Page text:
Kurt Schwitters (1887-1948)
Kurt Schwitters (1887-1948)
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Kurt Schwitters (1887-1948)

Mz 478 Gemälde

Kurt Schwitters (1887-1948)
Mz 478 Gemälde
signed, dated and titled 'Mz 478 K. Schwitters. 1922. B' (on the artist's mount)
printed paper collage on paper
Image size: 7 1/8 x 5 5/8 in. (18.1 x 14.3 cm.)
Mount size: 9 ½ x 7 ½ in. (24.1 x 19 cm.)
Executed in 1922
Anon. sale, Sotheby & Co., London, 24 November 1964, lot 104.
M. Wyse, Cannes (acquired at the above sale).
Galerie Berggruen et Cie., Paris (1968).
Anon. sale, Kornfeld und Klipstein, Bern, 13-15 June 1968, lot 974.
Galerie Rosengart, Lucerne (acquired at the above sale)
Galerie Klewan, Vienna (acquired from the above, 1976).
Galerie Enrico G. Peyer, Zurich.
Private collection, Europe (acquired from the above, 1990); sale, Sotheby's, London, 28 June 2000, lot 251.
Simon C. Dickinson Ltd, London.
Acquired from the above by the present owner, 2013.
K. Orchard and I. Schulz, eds., Kurt Schwitters: Catalogue raisonné, 1905-1922, Bonn, 2003, vol. I, p. 494, no. 1015 (illustrated).
Vienna, Galerie Klewan, Kurt Schwitters: 12 Collagen, A. Jawlensky: Meditationen, Künstler der Galerie: Attersee, G. Brus, H. Nitsch, A. Rainer, D.Rot, G. Rühm, 1976, no. 3 (illustrated).
New York, Michael Werner Gallery, Kurt Schwitters, October-November 1990, no. 6 (illustrated in color).
Dusseldorf, Achenbach Kunsthandel, Kurt Schwitters, November 1993-January 1994, no. 20.
Berlin, Martin-Gropius-Bau, The Age of Modernsm—Art in the 20th Century, May-July 1997, no. 233 (illustrated in color).

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Allegra Bettini
Allegra Bettini

Lot Essay

“I felt myself freed and had to shout my jubilation out to the world. Out of parsimony I took whatever I found to do this, because we were now a poor country. One can even shout out through refuse, and this is what I did, nailing and gluing it together. I called it ‘Merz,’ it was a prayer about the victorious end of the war, victorious as once again peace had won in the end; everything had broken down in any case and new things had to be made out of fragments: and this is Merz. I painted, nailed, glued, composed poems and experienced the world in Berlin” (Kurt Schwitters, quoted in W. Schmalenbach, Kurt Schwitters, New York, 1967, p. 96).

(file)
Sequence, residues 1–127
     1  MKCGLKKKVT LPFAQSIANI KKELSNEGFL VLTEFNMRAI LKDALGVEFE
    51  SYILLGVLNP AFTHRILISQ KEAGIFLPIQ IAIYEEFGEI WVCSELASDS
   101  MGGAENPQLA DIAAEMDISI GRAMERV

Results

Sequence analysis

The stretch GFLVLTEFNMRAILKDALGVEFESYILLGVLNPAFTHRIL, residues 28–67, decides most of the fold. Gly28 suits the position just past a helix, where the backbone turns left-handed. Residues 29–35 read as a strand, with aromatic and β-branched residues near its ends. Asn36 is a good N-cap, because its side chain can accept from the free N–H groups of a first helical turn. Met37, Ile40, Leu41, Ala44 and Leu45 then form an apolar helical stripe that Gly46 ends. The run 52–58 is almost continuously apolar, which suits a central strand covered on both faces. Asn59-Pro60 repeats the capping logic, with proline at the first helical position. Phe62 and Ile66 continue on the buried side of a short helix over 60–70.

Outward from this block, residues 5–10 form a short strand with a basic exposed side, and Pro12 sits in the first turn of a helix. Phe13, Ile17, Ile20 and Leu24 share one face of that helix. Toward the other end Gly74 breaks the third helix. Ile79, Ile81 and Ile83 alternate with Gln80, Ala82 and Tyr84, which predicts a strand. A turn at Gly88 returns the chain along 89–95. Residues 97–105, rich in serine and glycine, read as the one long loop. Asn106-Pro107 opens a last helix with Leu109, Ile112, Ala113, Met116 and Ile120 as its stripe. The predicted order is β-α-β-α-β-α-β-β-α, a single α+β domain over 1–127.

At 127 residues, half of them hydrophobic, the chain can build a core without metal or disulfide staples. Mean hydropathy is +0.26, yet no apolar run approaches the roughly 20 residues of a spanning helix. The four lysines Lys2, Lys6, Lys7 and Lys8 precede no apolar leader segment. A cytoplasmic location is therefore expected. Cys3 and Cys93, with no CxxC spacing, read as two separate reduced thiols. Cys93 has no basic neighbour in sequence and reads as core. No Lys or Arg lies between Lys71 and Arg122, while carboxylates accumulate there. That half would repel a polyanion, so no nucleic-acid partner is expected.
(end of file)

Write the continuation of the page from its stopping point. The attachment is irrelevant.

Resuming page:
“Merz” (Mz) takes its name from a fragment of the words Kommerz und Privatbank and was an artistic revolution for Schwitters in which art and life were to be merged through the business of assembling fragments and detritus of modern life into new glorified forms and expressions of the triumph of the human spirit. As Schwitters’ friend and neighbor in Hanover, Kate Steinitz recalled, during this period Schwitters was frequently seen on the streets, “ a crazy, original genius-character, carelessly dressed, absorbed in his own thoughts, picking up all sorts of curious stuff in the streets…always getting down from his bike to pick up some colorful piece of paper that somebody had thrown away (Kurt Schwitters: A Portrait from Life, Berkeley, 1968, p. 68). From these fragments, Schwitters constructed poetic and miraculous constellations that expressed a new formal language and seemed to hint at a hidden order among the apparent chaos of the times.

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